While looking in the above book I saw one the responses was by a fellow named Noah Charney he also wrote what looks like an interesting book.
Stealing the Mystic Lamb: The True Story of the World's Most Coveted Masterpiece [Hardcover]http://www.amazon.com/Stealing-Mystic-L ... 1586488007
It makes me feel sorry for this piece of artwork it's been through so much.
Jan van Eyck’s Ghent Altarpiece is on any art historian’s list of the ten most important paintings ever made. Often referred to by the subject of its central panel, The Adoration of the Mystic Lamb, it represents the fulcrum between the Middle Ages and the Renaissance. It is also the most frequently stolen artwork of all time.
Since its completion in 1432, this twelve-panel oil painting has been looted in three different wars, burned, dismembered, forged, smuggled, illegally sold, censored, hidden, attacked by iconoclasts, hunted by the Nazis and Napoleon, used as a diplomatic tool, ransomed, rescued by Austrian double-agents, and stolen a total of thirteen times.
In this fast-paced, real-life thriller, art historian Noah Charney unravels the stories of each of these thefts. In the process, he illuminates the whole fascinating history of art crime, and the psychological, ideological, religious, political, and social motivations that have led many men to covet this one masterpiece above all others.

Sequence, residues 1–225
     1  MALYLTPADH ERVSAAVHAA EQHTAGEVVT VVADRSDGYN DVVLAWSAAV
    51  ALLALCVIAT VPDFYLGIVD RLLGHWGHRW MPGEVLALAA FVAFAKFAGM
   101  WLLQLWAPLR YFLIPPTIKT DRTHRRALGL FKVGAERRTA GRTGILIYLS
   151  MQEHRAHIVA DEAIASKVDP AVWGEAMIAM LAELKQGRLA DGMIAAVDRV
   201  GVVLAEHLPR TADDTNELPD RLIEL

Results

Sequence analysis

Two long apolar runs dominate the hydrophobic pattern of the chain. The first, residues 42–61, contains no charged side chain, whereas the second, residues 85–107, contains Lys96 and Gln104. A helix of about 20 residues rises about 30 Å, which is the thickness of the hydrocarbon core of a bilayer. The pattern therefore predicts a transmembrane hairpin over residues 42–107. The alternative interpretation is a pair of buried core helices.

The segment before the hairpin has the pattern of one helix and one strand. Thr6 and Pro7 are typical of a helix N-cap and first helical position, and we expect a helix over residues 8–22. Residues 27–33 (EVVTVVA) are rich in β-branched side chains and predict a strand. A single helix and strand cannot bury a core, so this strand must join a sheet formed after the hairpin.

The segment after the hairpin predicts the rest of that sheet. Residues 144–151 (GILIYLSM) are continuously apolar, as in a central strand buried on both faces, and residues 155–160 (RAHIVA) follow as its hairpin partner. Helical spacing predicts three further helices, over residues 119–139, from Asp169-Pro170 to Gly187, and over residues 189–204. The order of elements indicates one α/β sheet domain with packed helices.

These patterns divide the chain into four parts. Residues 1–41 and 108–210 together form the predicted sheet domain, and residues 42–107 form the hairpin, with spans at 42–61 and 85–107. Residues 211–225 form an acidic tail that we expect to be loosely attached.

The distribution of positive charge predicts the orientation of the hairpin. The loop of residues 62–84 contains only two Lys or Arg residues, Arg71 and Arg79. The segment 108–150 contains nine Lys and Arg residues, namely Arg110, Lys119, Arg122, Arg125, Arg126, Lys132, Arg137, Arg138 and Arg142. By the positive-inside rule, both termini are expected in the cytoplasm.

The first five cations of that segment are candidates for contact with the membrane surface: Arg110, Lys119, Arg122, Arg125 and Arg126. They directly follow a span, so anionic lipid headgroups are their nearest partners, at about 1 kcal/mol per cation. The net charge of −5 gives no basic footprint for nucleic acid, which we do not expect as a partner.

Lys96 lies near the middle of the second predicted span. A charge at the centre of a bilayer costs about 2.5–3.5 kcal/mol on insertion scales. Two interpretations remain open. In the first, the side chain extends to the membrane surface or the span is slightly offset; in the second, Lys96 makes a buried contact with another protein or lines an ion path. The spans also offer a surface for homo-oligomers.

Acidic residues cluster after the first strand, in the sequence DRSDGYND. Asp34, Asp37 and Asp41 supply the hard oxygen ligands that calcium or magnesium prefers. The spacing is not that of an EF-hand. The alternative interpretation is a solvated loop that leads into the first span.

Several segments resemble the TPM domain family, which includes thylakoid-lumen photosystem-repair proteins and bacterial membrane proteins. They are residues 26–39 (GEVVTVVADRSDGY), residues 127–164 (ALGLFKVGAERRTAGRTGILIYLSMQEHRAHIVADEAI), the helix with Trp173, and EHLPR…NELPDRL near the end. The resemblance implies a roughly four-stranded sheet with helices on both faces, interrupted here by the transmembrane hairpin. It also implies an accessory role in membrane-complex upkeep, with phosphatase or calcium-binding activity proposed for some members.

Praise for Stealing the Mystic Lamb
The chapter titles in "Stealing the Mystic Lamb" sound like Indiana Jones movies – “Thieves of Revolution and Empire,” “The Magician in the Red Turban,” “Raising the Buried Treasure” – and they’re just as action-packed. Considered a Renaissance first, a benchmark of artistic grandiosity, the treasure involved is a large 12-panel oil painting, the "Ghent Altarpiece" (also called "Adoration of the Mystic Lamb.") Since its 1432 completion, the masterpiece has been stolen seven times, more than any other work in history.
Author Noah Charney, a man with the enviable job of studying art crime, chronicles the painting's dramatic history, from the peaceful early days in Ghent, Belgium, and on through wartime plunders, hunts led by Napoleon, and heroic rescues. During World War II, Hitler was convinced that the painting contained a coded map to lost Catholic treasures, perhaps the key to supernatural powers. He wanted it for his personal collection, and would rather see it burned than in the Allied hands. The Nazis indeed got hold of the piece, but before they could pass it on or destroy it, a group of Allied detectives stumbled on a clue that saved the stolen artwork, for the time being at least.
In scrupulous detail, Charney divulges the secrets of the revered painting’s past, and in doing so, gives readers a history lesson on art crime, a still-prospering black market.
-Christian Science Monitor